Dear Mr. Berko: In March of this year, I bought 300 shares of Fifth Third Bank at $34, but it hasn't gone higher, even in this bull market. The shares have just continued to go down in price, while most other banks in the Midwest have risen in value. I've got a 27 percent loss. Would you recommend that I buy another 300 shares? — PS, Columbus, Ohio
Dear PS: No!
I recently talked with some semi-big shots at four consumer-oriented public companies in several Midwestern states where Fifth Third does business. They expressed concerns that higher interest rates, rising shipping expenses, increasing costs for labor and materials, and the effects of the Trump tariffs are muffling their bottom lines. Loan growth in the Midwest is slowing. Commercial loans are drying up. And some businesses are beginning to question their bullish expectations for the coming few years. However, I think that they're wrongheaded and that there's a lot of business out there.
Fifth Third Bank (FITB-$24.59) took its first deposit in 1858. It has $145 billion in assets, but it may be experiencing some cracks, fissures and strains in its business model — or, as retired Dutch politician Koos Andriessen might say, there may be a little leak in the dike. FITB, based in Cincinnati, has over 1,150 bricks-and-mortar locations in the Midwest and the South, more than 2,400 ATMs, and 18,000 full-time employees. The stock is trading at 25 percent of its high and is lollygoggling near its yearly low. The published consensus of 28 brokerages shows that two of them have "buy" recommendations, 22 have "hold" recommendations, three rate FITB as "underperform" and one says, "Dump the thing!"
Meanwhile, FITB's motley board of directors and indifferent management, whose universal antenna doesn't pick up all the channels, seem to agree. Figuring FITB's price was too high, CEO Greg "Greggy Boy" Carmichael sold 87,000 shares this year at $32.37. Executive Vice President Frank Forrest, the bank's chief risk officer, sold 30,000 shares this year at $32.56. Executive VP James "Little Jimmy" Leonard, the bank's treasurer, unloaded 35,000 shares at $33.80. There's more, but I think you get the photo. It seems that FITB's net profits may decrease by 10 percent next year. Noninterest income may go down by 20 percent. Return on total assets could go down by 18 percent next year, to 1.4 percent, while return on equity may decrease by 20 percent, to 11.8 percent. And management's answer to expected lower revenues and profits is to cut jobs across the board and lay off over 10 percent of its workforce. Recognizing that many of its branches are woefully understaffed, this move is major dumb.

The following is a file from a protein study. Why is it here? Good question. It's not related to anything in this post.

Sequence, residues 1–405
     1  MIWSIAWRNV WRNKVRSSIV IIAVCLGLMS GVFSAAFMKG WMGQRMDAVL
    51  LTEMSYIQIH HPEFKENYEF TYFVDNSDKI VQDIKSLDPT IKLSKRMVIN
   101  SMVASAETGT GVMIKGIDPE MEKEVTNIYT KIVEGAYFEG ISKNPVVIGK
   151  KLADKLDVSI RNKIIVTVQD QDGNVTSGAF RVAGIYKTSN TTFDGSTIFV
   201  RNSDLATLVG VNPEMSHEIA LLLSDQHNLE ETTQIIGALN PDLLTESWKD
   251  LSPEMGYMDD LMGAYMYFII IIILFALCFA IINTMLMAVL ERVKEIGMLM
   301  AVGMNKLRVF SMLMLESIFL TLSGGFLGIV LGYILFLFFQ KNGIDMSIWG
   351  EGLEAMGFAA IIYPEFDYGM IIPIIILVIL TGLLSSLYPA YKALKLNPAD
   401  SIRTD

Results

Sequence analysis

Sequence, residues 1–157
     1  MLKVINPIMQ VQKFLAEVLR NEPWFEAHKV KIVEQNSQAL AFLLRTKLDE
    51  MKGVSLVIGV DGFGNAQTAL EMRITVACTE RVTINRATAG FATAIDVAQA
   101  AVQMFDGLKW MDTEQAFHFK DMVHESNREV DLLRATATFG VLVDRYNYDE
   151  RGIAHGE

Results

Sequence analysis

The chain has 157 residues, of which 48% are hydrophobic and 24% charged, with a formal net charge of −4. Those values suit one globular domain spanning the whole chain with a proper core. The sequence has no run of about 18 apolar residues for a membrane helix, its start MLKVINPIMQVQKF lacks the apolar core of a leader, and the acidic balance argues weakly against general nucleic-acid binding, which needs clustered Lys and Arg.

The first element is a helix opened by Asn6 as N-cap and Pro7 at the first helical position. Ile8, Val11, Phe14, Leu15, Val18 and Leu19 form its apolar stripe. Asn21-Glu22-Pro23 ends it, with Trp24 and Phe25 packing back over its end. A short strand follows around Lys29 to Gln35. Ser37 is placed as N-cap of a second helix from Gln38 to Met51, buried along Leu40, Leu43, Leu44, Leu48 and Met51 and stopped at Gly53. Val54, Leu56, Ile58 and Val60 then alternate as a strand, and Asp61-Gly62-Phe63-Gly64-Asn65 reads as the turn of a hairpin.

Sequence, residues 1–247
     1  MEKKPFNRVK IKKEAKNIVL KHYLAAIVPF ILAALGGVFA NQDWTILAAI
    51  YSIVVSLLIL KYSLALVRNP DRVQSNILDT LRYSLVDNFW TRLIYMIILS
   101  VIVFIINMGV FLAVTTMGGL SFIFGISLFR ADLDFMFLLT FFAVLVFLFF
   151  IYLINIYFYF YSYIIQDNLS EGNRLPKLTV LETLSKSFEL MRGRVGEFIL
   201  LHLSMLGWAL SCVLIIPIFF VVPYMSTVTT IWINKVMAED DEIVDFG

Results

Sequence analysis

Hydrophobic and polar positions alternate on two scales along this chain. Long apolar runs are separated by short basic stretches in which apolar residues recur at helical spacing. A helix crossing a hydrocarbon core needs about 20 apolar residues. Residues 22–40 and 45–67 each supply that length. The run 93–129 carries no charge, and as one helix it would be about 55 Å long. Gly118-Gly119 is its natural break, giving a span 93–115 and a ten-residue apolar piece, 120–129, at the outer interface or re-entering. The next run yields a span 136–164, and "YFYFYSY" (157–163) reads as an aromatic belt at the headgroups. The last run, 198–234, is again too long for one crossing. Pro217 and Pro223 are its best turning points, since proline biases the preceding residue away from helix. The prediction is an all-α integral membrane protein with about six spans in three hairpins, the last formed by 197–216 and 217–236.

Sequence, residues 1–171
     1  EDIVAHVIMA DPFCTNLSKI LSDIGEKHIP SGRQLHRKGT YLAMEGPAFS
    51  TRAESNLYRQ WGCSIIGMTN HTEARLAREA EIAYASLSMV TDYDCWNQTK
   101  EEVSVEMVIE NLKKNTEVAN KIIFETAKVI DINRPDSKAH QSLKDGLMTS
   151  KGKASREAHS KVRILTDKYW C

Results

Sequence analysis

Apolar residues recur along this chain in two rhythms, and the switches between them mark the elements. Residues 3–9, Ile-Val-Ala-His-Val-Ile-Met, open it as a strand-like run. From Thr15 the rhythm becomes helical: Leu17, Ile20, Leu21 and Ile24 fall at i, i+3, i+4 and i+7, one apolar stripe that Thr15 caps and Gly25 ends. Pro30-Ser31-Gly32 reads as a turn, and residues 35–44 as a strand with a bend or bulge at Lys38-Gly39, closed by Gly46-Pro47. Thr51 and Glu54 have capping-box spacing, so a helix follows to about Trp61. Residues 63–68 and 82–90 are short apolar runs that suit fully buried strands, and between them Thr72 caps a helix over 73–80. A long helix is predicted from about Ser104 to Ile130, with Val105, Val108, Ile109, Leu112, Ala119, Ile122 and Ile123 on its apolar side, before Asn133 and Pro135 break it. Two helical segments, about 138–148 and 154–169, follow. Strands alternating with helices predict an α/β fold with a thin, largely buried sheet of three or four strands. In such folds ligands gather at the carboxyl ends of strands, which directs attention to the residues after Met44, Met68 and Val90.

I wouldn't care a whit to own the stock. I'm not impressed with Greggy Boy, who came up from the ranks and, according to a source at FITB, is definitely not considered an employee-friendly boss. I'm very unimpressed with the low number of shares owned by FITB's board of directors. And I'm also unimpressed with the board's decision to purchase Chicago's $20 billion-asset and 4,000-employee MB Financial for $4.7 billion. The talk on the Street suggests that the $54-a-share purchase is way too pricey. Given that it's 16.4 times earnings and 2.9 times book value, Wall Street may be right. Some say the MB Financial deal plus the board's simultaneous decision to close its $8 billion institutional investment management business encouraged the former chairman and two members of the FITB board to resign early this year. In addition, the stock's dividend isn't worth a second look.
FITB's management and inutile board of directors are unimpressive and could individually benefit from a series of industrial-sized enemas. Earnings progress and asset growth stink, and future price appreciation may be disappointing. Meanwhile, many middle- and upper-middle management types at FITB's headquarters are nervous about being redundant when the MB Financial acquisition is completed next year.
Please address your financial questions to Malcolm Berko, P.O. Box 8303, Largo, FL 33775, or email him at [email protected] To find out more about Malcolm Berko and read features by other Creators Syndicate writers and cartoonists, visit the Creators Syndicate website at www.creators.com.